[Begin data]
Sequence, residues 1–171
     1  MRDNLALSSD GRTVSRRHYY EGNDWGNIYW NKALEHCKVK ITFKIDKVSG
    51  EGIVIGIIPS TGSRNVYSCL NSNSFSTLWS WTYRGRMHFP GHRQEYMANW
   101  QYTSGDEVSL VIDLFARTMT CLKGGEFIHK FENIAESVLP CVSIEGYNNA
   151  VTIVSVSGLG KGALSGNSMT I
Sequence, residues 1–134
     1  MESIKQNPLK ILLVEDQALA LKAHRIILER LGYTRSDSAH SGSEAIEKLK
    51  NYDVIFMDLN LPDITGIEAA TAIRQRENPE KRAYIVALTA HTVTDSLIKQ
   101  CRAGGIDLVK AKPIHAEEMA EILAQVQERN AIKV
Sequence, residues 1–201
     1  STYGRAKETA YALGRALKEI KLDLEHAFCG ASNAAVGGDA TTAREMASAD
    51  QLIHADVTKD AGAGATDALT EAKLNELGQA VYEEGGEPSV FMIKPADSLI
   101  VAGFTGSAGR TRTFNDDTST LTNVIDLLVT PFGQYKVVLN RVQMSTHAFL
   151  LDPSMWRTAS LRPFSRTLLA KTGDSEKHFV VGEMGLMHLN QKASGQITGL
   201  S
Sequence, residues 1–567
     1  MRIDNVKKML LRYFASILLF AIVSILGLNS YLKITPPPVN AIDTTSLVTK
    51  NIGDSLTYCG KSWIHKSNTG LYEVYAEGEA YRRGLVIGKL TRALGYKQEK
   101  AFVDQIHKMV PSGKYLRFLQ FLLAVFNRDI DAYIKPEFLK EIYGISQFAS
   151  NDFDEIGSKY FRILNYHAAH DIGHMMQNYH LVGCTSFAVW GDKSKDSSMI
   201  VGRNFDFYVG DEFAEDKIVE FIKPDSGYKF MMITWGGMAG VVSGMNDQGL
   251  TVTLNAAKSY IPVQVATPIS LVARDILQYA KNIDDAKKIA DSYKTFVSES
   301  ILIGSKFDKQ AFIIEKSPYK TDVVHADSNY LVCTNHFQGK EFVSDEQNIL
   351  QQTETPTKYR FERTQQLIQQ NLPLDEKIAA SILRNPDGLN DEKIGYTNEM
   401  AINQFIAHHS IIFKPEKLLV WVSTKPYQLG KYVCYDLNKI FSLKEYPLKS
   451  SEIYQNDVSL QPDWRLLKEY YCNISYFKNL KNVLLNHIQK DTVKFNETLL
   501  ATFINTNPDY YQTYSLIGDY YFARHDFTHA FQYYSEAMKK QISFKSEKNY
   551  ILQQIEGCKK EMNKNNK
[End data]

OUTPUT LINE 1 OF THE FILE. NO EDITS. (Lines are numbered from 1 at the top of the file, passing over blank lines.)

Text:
Sequence, residues 1–171